4 economists and real estate pros on what to expect from home prices
Home prices have been on a rapid ascent: Depending on which gauge you look at, U.S. home prices have been rising at a pace of 15% to 20% a year. But pros say that rapid ascent is likely to slow through the next year or so, as mortgage rates continue to climb (see the lowest mortgage rates you can qualify for now here). Here’s what experts told us they expect to happen to home prices both in the short and longer terms.
What will home prices do in the short term?
Don’t expect home-price growth to slow much in the near term, pros say. Indeed, May is often one of the busiest times of year for homebuyers, and “as a result, this May could bring with it even more limited housing inventory and in turn, even higher home prices,” says LendingTree’s senior economic analyst, Jacob Channel. And Steve Reich, chief operations officer at Finance of America Mortgage, says that demand remains strong for homes, particularly among millennials seeking to buy their first home, so he too thinks we’re likely in for “a gradual increase in home-price appreciation throughout May.”
So how much will prices rise in May? Annual home-price growth will peak at 21.2% in May, predicts Nicole Bachaud, a Zillow economist, up slightly from April. The prediction from Bankrate.com analyst Jeff Ostrowski: “Because inventories are so low, home prices are likely to keep rising at a double-digit year-over-year pace through May. Just looking at housing trends, it seems prices will cool a bit but not significantly.”
Concludes Realtor.com senior economist George Ratiu: “The ongoing imbalance between supply and demand remains a challenge for spring real-estate markets.” (See the lowest mortgage rates you can qualify for now here.)
What will home prices do in the longer term?
Thanks to rising mortgage rates, among other factors, home-price growth predictions for some big players in the real-estate world have been revised downwards. Zillow expects annual home-value growth to hit 14.9% over the next year, down from an original 16.5% prediction made in February. Meanwhile, the Fannie Mae Economic and Strategic Research Group predicts a deceleration through 2023 to just 3.2% growth by the fourth quarter.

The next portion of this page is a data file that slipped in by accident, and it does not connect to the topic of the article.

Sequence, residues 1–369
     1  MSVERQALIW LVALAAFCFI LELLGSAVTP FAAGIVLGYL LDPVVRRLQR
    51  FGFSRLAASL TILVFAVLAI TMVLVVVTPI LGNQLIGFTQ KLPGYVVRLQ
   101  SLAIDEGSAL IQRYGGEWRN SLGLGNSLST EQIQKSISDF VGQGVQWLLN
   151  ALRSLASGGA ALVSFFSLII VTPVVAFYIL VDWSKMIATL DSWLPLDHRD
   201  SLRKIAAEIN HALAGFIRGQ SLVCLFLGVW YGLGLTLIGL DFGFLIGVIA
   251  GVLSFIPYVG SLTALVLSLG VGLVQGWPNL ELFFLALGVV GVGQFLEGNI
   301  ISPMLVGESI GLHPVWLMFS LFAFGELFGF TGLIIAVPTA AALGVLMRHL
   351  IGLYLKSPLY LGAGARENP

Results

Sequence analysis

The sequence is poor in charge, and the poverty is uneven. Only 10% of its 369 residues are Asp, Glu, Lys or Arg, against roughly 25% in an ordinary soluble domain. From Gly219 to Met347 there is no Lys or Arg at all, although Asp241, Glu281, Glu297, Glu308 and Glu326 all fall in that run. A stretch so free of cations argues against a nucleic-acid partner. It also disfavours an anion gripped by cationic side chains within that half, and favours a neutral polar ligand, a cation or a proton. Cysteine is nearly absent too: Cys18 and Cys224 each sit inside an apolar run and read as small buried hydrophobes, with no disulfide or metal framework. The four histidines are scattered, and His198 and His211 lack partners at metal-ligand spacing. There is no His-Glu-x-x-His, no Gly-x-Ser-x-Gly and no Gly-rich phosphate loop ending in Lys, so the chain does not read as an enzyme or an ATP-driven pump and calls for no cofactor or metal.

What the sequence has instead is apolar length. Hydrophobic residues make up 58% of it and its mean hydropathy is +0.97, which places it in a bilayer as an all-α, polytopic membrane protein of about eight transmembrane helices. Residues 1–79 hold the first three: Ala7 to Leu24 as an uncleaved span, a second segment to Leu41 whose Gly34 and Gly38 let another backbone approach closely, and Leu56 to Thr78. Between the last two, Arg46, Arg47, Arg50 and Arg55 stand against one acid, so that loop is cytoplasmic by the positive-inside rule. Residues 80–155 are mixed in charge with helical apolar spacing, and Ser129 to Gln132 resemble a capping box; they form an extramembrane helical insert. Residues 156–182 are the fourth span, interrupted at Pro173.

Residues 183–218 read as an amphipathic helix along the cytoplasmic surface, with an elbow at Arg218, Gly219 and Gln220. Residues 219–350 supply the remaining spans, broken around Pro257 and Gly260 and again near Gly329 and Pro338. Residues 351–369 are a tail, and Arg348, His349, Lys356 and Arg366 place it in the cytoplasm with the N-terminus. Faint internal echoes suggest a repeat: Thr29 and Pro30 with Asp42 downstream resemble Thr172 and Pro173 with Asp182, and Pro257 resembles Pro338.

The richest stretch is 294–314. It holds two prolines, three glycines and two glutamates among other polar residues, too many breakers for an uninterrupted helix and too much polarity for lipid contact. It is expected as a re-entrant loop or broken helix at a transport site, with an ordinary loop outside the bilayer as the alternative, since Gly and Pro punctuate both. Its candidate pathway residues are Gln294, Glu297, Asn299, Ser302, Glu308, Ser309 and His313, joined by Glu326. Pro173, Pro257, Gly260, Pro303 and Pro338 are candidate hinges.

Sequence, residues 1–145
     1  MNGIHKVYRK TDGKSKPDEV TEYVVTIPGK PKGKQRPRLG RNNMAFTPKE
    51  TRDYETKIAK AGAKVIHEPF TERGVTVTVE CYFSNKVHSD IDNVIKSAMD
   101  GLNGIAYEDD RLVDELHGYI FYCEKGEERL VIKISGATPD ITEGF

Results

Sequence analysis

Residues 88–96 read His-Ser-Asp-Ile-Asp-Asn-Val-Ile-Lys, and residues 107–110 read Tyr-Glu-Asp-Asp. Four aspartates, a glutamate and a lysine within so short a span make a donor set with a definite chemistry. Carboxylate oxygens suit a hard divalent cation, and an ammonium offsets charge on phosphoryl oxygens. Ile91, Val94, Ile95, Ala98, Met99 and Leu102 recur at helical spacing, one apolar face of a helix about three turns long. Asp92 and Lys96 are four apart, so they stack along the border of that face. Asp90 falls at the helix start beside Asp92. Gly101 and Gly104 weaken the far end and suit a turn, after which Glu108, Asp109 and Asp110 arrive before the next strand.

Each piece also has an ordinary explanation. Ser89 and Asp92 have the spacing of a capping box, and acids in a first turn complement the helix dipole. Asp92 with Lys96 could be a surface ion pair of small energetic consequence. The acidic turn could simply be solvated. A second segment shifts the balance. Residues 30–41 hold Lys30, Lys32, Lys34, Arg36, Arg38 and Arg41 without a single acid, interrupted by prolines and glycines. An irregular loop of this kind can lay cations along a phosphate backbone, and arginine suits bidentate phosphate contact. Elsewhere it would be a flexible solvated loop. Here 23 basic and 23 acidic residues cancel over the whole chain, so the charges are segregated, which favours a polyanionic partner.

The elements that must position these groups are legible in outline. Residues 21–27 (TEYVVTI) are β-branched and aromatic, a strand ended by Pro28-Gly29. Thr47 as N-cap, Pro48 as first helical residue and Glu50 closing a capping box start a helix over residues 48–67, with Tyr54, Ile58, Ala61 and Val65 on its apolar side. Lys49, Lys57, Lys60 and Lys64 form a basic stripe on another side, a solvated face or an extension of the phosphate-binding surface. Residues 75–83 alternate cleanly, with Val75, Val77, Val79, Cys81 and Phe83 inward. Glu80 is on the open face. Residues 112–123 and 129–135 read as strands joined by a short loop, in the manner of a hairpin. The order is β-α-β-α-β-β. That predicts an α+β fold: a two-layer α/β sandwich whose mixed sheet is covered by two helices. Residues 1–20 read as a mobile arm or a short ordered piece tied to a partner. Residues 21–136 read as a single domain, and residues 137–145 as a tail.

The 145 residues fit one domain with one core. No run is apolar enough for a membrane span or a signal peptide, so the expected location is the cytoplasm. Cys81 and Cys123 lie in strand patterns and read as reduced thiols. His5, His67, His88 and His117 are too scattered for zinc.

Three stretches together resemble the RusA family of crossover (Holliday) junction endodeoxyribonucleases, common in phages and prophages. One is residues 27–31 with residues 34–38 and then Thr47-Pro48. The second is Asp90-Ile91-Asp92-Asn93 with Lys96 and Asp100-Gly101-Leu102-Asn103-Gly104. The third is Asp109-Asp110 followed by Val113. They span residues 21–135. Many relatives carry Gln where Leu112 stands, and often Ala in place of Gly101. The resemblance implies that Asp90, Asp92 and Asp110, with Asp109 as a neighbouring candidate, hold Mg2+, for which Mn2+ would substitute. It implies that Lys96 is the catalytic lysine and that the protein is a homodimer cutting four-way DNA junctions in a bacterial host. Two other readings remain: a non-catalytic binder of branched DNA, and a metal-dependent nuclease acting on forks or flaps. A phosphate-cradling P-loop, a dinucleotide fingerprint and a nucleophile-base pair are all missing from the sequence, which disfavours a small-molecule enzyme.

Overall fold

And Ratiu says that “we’re seeing real-estate markets transition toward a new normal.” Because the Federal Reserve is committed to tightening its monetary policy with several interest-rate hikes this year, along with the potential move to curtail its balance sheets, the process is already driving the costs of borrowing higher. “As the central bank also steps back from its massive role in the mortgage-backed securities market, we can expect home loan rates to continue rising, cooling demand,” says Ratiu. (See the lowest mortgage rates you can qualify for now here.)
Another reason home-price growth may moderate is that pros predict inventory issues will ease. “Weekly inventory numbers are already seeing an improvement in the number of fresh listings on Realtor.com, accompanied by a slowdown in overall inventory declines from a year ago,” says Ratiu. At the current pace, by this summer, we expect to see the number of homes for sale rise above last year’s levels.
“At some point, the cost of buying a home will deter enough buyers to let inventory begin to catch up with demand and bring home price growth back down to Earth, but there is plenty of fuel left in the tank as home shopping season kicks into gear,” says Zillow’s Bachaud,